From Casetext: Smarter Legal Research

State v. Cardona

Supreme Court of Idaho
Nov 19, 1981
102 Idaho 668 (Idaho 1981)


In State v. Cardona, 102 Idaho 668, 637 P.2d 1164 (1981), the Supreme Court held the rule of McCoy inapposite to I.C. § 19-2520.

Summary of this case from State v. Grob


No. 13292.

November 19, 1981.


Kenneth F. Clarke, Blackfoot, for defendant-appellant.

David H. Leroy, Atty. Gen., Lynn E. Thomas, Sol. Gen., Boise, for plaintiff-respondent.


Genaro Cardona pled guilty to a charge of assault with a deadly weapon. I.C. § 18-906. The district court imposed an indeterminate sentence of two years on the charge of assault with a deadly weapon, and imposed an additional sentence of three years under the felony firearm statute, I.C. § 19-2520, to run consecutively to the first sentence. Cardona appeals from the imposition of the consecutive sentences. The sole issue presented on appeal is whether I.C. § 19-2520 unconstitutionally removes the discretionary authority of the courts in sentencing.

Cardona also lists as an issue whether the courts of this state are without the proper and necessary facilities for handling a prisoner with mental health problems such as himself. Cardona presents no authority nor argument on this issue, and we therefore will not consider the issue. Matter of Freeburn's Estate, 101 Idaho 739, 620 P.2d 773 (1980).

I.C. § 19-2520 (enacted in 1977), the felony firearm statute, provides as follows:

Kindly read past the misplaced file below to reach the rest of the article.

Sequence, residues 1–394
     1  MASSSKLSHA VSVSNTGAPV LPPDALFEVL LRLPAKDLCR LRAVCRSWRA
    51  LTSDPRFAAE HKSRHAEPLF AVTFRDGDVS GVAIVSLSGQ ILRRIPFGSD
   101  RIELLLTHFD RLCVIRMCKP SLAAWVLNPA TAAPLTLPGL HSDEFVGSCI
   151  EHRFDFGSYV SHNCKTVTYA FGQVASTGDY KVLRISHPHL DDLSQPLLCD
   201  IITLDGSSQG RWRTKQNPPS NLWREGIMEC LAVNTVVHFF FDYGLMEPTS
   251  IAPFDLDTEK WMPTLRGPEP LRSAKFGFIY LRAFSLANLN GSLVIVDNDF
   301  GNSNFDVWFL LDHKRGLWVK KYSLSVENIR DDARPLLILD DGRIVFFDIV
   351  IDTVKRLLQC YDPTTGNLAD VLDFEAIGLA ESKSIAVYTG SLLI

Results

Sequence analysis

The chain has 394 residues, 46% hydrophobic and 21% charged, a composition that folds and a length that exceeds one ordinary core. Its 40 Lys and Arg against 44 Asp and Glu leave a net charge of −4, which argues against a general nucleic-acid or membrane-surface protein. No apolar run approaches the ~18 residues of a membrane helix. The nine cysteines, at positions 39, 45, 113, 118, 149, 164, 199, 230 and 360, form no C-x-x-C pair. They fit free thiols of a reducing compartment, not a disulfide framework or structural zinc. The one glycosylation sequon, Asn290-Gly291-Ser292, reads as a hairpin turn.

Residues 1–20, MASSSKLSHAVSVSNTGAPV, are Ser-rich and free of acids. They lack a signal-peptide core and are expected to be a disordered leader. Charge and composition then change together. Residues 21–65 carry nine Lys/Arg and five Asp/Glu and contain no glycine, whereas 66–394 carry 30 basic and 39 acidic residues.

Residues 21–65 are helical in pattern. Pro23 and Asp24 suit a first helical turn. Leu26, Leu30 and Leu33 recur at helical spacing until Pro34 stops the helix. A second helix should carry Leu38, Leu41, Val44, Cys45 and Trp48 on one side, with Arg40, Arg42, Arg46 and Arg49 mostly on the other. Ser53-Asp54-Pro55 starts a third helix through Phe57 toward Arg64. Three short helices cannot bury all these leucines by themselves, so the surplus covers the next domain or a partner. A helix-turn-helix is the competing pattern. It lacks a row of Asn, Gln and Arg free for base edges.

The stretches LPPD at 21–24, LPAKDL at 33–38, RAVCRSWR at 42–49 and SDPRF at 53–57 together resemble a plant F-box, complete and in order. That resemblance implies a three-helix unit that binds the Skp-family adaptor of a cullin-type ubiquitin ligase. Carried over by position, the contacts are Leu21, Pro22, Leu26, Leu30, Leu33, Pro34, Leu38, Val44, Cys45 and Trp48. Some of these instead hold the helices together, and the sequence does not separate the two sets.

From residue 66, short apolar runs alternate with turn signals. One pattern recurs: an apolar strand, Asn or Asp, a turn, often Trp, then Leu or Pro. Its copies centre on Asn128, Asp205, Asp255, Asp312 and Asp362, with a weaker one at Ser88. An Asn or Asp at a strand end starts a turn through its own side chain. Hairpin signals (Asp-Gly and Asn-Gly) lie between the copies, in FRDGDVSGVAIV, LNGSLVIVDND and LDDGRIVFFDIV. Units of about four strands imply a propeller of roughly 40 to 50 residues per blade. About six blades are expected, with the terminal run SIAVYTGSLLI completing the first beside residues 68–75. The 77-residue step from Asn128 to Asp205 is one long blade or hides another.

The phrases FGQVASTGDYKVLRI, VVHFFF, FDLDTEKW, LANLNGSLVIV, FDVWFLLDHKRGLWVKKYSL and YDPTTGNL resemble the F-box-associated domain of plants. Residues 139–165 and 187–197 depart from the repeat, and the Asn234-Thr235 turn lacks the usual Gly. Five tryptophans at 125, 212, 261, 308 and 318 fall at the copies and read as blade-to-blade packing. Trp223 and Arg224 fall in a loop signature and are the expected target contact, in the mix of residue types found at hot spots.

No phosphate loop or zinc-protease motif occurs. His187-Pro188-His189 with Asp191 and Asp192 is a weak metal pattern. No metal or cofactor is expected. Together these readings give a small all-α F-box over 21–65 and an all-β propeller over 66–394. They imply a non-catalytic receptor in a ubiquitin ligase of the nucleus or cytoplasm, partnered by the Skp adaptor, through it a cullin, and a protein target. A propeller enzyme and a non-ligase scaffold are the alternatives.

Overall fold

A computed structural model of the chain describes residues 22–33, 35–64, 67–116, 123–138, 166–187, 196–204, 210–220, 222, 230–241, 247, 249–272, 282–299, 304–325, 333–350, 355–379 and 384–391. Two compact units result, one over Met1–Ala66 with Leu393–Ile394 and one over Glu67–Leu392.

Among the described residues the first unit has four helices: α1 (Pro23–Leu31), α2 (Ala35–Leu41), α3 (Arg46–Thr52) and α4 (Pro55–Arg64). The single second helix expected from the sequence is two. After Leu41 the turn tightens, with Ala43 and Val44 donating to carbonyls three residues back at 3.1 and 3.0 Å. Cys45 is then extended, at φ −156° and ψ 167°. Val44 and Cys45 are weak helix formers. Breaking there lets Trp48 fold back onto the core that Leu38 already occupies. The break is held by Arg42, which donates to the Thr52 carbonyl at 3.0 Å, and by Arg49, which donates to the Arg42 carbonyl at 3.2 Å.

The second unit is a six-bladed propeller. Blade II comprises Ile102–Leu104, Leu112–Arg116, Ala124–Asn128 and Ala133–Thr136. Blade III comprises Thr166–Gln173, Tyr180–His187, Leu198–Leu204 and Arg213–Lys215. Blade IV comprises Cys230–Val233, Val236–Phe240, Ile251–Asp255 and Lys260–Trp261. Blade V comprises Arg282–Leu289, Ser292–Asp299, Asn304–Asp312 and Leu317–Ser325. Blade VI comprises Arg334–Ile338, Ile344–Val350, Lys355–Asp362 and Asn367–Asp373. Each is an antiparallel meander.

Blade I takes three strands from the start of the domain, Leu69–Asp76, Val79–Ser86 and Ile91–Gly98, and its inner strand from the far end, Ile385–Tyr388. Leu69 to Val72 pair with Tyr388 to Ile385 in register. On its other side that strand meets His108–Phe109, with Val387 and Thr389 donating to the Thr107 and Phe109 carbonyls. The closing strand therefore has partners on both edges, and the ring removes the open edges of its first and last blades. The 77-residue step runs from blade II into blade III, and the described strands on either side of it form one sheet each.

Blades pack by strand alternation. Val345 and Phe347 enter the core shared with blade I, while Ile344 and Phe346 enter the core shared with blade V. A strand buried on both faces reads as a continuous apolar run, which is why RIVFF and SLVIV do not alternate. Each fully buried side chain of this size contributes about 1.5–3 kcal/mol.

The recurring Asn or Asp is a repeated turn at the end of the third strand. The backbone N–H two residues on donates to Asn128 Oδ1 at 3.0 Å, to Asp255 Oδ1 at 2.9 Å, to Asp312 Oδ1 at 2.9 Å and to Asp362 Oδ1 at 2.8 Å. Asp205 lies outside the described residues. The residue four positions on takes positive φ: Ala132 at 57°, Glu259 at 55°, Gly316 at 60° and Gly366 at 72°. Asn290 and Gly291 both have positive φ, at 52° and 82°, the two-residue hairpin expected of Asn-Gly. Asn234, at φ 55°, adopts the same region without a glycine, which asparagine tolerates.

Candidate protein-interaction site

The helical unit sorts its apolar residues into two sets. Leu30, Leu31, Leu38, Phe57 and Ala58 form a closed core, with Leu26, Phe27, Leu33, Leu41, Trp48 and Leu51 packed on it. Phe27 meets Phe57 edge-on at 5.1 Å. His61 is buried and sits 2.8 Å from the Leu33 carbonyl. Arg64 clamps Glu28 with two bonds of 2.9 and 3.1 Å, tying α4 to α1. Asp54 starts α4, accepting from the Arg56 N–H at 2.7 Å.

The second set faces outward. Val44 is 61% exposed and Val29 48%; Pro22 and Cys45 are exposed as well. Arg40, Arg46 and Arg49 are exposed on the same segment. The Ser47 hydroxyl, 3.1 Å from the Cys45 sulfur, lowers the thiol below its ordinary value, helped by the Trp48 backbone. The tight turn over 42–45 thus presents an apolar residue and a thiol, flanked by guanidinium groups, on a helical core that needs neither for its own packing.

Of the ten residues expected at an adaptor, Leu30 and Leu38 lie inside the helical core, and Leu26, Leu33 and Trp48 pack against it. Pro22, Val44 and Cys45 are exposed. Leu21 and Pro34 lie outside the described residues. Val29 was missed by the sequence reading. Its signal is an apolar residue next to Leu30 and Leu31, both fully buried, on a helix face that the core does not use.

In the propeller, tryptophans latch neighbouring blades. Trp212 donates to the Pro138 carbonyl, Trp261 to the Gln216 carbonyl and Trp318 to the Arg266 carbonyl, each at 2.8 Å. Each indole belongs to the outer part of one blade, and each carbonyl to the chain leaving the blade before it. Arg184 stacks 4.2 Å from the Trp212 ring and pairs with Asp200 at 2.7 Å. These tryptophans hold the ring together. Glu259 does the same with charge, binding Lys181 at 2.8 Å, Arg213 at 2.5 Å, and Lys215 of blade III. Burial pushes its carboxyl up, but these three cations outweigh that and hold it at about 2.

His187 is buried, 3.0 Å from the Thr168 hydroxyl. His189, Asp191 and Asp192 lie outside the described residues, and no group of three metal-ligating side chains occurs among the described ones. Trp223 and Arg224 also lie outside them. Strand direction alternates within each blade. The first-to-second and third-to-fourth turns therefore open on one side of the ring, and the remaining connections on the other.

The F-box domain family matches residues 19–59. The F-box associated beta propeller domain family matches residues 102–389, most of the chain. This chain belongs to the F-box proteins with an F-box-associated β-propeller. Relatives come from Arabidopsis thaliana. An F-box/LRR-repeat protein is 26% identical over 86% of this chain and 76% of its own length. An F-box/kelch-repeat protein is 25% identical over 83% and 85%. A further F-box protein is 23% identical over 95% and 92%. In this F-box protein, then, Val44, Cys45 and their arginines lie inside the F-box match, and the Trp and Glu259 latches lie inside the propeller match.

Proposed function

"Any person convicted of a violation of [Idaho Code] sections 18-906 (assault with a deadly weapon) [and other enumerated felonies], . . . . who carried, displayed, used, threatened, or attempted to use a firearm while committing the crime, shall, in addition to the sentence imposed for the commission of the crime, be imprisoned in the state prison for not less than three (3) nor more than fifteen (15) years. Such additional sentence shall run consecutively to any other sentence imposed for the above cited crimes.

For the purpose of this section, `firearm' means any deadly weapon capable of ejecting or propelling one or more projectives [projectiles] by the action of any explosive or combustible propellant, and includes unloaded firearms and firearms which are inoperable but which can readily be rendered operable.

The section shall apply even in those cases where the use of a firearm is an element of the offense."

Cardona argues that this legislative act, making the imposition of an additional three year sentence mandatory, violates the doctrine of separation of powers. We hold that it does not.

Cardona cites State v. McCoy, 94 Idaho 236, 486 P.2d 247 (1971), for the proposition that mandatory sentencing laws violate the constitutional doctrine of separation of powers. See 73 A.L.R.3d 474 (1976). The McCoy case involved the constitutionality of I.C. § 49-1102(d), which provided:

"Every person who is convicted of a violation of this section shall be punished by imprisonment in the county or municipal jail for not more than six (6) months or by fine of not more than three hundred dollars ($300) or by both such fine and imprisonment. Every person convicted under this section shall serve at least ten (10) days in the county or municipal jail and this sentence shall be mandatory on every judge of every court of the state of Idaho without any right to exercise judicial discretion in said matter, except that the judge may allow said jail sentence to be served within a six (6) week period from the date of conviction in any segments of time not less than one (1) day consisting of twenty-four (24) hours at each time. On a second or consequent conviction he shall be imprisoned in the state penitentiary for not more than five (5) years." (Emphasis added.)